Everything seems to be working OK, so if they are gone and they were vital Windows files, how  come Windows is not paralysed by these missing files ?

 

It is a puzzling and worrying mystery to me. You have helped enormously, but I now feel as helpless as a one legged brainless spider.


Edited by yabbadoo, 10 July 2013 - 07:09 PM.


#8 quietman7

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Posted 10 July 2013 - 07:16 PM

According to the AVG user manual there are ways to check the status of detections and what action was taken with them. If moved to quarantine, if disinfected, if deleted...there should be a record. I still suspect the action you choose was to archive (save) the results of the scan, not remove the actual files.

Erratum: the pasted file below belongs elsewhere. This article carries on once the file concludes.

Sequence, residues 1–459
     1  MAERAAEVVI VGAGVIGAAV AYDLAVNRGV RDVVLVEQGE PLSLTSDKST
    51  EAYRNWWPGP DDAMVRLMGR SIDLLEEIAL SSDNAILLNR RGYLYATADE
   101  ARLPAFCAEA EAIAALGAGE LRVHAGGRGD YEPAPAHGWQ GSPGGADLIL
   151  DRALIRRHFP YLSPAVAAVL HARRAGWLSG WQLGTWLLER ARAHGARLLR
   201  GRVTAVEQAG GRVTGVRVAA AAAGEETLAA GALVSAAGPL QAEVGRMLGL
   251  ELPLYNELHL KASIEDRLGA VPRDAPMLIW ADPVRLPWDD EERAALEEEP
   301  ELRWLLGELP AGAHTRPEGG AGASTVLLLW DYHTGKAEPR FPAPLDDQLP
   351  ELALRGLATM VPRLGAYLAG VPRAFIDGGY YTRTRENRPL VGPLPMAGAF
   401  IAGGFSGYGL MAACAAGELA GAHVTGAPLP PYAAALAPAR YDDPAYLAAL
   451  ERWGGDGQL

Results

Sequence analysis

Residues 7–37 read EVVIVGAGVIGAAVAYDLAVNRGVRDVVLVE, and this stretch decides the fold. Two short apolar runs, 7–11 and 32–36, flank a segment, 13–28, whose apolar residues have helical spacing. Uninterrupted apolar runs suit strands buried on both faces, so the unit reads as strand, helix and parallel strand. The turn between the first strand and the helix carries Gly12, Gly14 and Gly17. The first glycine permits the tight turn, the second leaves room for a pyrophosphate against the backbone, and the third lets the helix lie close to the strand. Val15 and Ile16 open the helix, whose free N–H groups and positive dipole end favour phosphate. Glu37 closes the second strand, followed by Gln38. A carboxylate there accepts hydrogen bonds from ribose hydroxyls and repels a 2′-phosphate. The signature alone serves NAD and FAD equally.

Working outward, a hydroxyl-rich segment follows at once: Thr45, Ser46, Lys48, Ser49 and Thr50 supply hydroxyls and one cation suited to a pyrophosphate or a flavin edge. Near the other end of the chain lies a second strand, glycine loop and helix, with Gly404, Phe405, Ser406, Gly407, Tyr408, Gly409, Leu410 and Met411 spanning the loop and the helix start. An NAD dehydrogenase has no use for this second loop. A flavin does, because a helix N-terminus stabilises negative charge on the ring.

Since no one is answering at the AVG forum you probably should contact AVG Free Support directly.
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#9 yabbadoo

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Posted 11 July 2013 - 03:57 AM

According to the AVG user manual there are ways to check the status of detections and what action was taken with them. If moved to quarantine, if disinfected, if deleted...there should be a record. I still suspect the action you choose was to archive (save) the results of the scan, not remove the actual files.

Since no one is answering at the AVG forum you probably should contact AVG Free Support directly.

I can only stress how helpful you have been on this matter. Without your informative comments, I would have had nothing from anybody.